Where did heroin originate?


Heroin was first synthesized from morphine in 1874 and became commercially available in 1898 when Bayer Pharmaceutical Company offered heroin as a cure for tuberculosis and morphine addiction. Both substances are derived from opium poppy plants, which began to be cultivated in Mesopotamia around 3400 B.C. Heroin, which looks like a white or brown powder, is an illegal drug in the United States.

Heroin was part of a cycle of addictive drugs in the 1800s. Opium addiction reached epidemic proportions in the 1850s, so morphine was introduced as a cure. When morphine became known as an addictive substance, Bayer marketed heroin as a cure for that malady. Around 1900, it was estimated as many as 250,000 people were addicted to opium in some form.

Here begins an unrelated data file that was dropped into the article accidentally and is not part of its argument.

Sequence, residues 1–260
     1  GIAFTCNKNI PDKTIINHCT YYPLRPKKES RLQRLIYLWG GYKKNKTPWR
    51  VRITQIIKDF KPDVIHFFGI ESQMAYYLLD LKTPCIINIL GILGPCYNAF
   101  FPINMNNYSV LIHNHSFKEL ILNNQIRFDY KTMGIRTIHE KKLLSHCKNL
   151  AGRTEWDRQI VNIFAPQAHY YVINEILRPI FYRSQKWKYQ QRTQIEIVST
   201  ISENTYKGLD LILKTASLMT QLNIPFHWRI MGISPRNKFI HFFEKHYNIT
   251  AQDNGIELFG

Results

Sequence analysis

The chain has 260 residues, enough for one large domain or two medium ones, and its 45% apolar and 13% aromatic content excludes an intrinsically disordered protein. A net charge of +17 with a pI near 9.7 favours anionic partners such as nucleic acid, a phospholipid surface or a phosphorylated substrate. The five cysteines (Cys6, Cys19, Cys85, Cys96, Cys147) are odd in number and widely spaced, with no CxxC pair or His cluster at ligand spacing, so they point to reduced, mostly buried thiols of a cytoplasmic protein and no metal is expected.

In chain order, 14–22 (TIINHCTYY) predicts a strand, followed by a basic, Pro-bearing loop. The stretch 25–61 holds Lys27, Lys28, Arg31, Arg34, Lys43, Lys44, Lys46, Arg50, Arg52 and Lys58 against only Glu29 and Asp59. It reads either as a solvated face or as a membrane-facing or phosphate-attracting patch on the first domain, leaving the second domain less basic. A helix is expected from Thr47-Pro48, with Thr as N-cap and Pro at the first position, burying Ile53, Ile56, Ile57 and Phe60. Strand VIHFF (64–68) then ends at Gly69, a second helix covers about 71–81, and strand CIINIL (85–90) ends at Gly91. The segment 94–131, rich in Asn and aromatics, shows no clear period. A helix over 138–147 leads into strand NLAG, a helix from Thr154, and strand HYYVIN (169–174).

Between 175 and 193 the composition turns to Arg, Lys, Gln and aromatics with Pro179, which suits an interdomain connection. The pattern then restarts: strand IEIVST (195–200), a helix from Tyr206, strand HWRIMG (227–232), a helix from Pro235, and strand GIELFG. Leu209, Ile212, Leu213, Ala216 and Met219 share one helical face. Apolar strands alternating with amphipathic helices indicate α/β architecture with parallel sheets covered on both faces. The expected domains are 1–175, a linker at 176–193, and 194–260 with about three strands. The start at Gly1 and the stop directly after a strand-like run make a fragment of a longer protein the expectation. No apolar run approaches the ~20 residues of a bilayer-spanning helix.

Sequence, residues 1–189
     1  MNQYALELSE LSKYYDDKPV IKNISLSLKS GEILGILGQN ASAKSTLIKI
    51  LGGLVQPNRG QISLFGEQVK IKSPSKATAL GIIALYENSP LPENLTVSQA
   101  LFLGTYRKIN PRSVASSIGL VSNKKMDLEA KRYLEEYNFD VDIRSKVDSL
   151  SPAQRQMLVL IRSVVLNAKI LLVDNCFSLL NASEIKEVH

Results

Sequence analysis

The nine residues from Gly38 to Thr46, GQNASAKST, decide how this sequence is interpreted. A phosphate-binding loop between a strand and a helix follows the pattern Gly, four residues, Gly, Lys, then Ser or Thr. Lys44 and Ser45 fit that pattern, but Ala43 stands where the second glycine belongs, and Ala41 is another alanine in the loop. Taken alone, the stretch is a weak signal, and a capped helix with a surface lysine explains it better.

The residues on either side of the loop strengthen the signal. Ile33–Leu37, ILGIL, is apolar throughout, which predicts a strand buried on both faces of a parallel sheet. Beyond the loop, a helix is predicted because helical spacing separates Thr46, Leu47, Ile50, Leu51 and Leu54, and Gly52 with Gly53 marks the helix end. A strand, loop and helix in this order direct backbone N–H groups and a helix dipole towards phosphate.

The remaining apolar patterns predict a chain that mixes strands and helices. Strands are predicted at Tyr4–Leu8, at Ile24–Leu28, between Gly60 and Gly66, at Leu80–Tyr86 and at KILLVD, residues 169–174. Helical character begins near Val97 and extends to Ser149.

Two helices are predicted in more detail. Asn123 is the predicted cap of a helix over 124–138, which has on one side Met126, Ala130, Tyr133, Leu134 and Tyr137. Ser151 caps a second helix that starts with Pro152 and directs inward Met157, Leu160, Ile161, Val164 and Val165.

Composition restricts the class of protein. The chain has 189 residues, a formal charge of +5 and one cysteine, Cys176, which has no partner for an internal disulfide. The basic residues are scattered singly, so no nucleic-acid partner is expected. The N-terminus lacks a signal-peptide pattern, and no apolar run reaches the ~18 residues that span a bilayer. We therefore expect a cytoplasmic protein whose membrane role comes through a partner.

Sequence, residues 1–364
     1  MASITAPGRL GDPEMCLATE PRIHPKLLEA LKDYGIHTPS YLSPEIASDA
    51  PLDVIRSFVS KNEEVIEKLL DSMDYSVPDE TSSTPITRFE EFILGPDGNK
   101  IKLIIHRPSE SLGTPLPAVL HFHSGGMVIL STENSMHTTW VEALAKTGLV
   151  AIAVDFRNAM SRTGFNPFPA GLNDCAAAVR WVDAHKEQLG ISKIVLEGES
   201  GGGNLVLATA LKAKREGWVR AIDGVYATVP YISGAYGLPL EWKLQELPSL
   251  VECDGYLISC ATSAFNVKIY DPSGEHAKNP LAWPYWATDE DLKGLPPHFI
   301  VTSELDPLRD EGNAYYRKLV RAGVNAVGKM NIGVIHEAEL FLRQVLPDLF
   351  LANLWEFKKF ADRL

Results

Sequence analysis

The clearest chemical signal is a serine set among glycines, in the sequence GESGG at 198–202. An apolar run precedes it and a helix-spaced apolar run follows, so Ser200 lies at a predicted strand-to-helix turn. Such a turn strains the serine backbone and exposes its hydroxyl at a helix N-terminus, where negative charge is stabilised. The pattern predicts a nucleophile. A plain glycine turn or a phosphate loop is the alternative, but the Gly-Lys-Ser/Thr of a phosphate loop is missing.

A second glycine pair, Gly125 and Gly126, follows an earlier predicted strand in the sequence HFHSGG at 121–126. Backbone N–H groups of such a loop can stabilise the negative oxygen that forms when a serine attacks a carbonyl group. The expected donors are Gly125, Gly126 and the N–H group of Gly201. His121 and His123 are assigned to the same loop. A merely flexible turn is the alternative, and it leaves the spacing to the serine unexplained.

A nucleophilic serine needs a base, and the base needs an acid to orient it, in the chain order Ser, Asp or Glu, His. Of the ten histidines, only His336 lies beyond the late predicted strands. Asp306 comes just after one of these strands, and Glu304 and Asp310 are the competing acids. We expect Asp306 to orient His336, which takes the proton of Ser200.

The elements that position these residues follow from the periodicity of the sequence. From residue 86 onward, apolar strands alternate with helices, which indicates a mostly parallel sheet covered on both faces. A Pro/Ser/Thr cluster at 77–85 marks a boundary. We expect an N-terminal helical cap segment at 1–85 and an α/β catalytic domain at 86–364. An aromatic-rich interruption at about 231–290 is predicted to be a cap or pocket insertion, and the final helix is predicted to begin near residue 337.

A second epidemic happened during the Vietnam War when enlisted soldiers became addicted to the substance because they were too young to buy alcohol on base. Opiate drugs were cheaply made by locals, who sold the drugs to soldiers.

Heroin, morphine and opium are made from refining the milk-like resin of poppy plants. Modern heroin comes from plants grown in Southeast Asia, Southwest Asia, Latin America and Mexico. Heroin is a popular illegal drug because of its fast-acting nature as the substance enters the bloodstream; it is faster than opium and morphine.

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